I heard about tea tree oil antimicrobal properties. But does it something similar to active oxygen or nitrogen pyroxide? Or it makes them whiter just killing organisms that cause change in color or dissolves everything just like any other acid? People on the Internet tell it's cheap and better than more hi tech types of whiteners, but hard to figure out what exactly it does and how well in comparison?

1 Answer 1


I have not found any whitening properties of tea tree oil but it can help prevent tooth discolouration and I have seen toothpaste with tea tree oil sold in shops.

Jain et al. (2014) states:

Tea tree oil’s major active component is terpinen-4-ol (30%–40%). This compound is responsible for its antibacterial and antifungal properties [(Arweiler, et al. 2000)].

Chromogenic bacteria can cause tooth discolouration, pore formation in teeth and also has the ability to form biofilm (Ashe, et al. 2017).

Jain et al. (2014) also states:

Using tea tree oil orally is not recommended as it may cause possibly serious side effects such as confusion, loss of muscle control, or coma. In dentistry, tea tree oil has been used to destroy microorganisms in the mouth before dental surgery, removal of smear layer when used as a root canal irrigant and to relieve mouth soreness caused by dental procedures [9-12]. In studies of patients who suffered from oral candidiasis mouth rinses containing tea tree oil have shown some effectiveness in reducing symptoms when taken in a dose of one table spoonful of 5% tea tree oil solution as a mouth wash that is held in the mouth and then spit out four times a day for up to 4 weeks [13, 14].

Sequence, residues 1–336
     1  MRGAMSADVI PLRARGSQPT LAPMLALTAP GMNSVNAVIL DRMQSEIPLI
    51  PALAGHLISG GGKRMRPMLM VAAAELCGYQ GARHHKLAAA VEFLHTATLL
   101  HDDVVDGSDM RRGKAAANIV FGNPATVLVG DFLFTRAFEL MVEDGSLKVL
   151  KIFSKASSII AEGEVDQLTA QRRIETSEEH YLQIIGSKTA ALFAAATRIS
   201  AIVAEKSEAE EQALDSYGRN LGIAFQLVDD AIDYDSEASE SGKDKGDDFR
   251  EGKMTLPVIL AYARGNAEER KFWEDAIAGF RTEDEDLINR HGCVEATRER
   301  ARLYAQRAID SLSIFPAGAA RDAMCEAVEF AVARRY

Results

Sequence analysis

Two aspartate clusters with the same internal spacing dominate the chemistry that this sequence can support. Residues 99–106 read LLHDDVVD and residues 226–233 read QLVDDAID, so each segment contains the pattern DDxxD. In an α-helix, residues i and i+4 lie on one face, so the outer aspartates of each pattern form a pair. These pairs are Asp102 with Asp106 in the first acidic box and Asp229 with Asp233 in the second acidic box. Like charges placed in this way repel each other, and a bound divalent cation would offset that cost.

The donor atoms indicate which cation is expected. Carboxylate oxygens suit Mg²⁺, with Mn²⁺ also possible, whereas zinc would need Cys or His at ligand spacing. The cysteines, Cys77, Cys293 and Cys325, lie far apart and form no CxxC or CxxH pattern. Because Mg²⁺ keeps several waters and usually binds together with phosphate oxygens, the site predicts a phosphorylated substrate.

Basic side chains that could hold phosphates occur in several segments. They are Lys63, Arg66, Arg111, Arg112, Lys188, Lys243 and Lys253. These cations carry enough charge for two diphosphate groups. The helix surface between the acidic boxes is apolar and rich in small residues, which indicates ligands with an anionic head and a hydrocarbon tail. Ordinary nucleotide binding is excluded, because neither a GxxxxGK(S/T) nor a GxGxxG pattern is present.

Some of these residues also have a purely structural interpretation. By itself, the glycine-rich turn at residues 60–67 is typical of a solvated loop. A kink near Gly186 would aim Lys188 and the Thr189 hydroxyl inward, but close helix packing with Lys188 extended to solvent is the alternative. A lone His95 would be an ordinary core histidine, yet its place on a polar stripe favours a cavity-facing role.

Arweiler, N. B., Donos, N., Netuschil, L., Reich, E., & Sculean, A. (2000). Clinical and antibacterial effect of tea tree oil–a pilot study. Clinical oral investigations, 4(2), 70-73. https://doi.org/10.1007/s007840050118

Ashe, S., Agasti, S., Lakkoji, S., Rauta, P. R., Sahoo, H., Mishra, M., & Nayak, B. (2017). Novel chromogenic bacteria characterized and their probable treatment options using herbal products and reagents to restrict biofilm formation. Journal of Applied Biomedicine, 15(4), 291-298. https://doi.org/10.1016/j.jab.2017.08.001

Jain, N., Rajwar, Y. C., Batra, M., Singh, H. P., Bhandari, R., & Agarwal, P. (2014). Dentistry: Turning towards herbal alternatives: A review. Scholars Journal of Applied Medical Sciences, 2(1C), 253-7. http://saspublisher.com/sjams-21/

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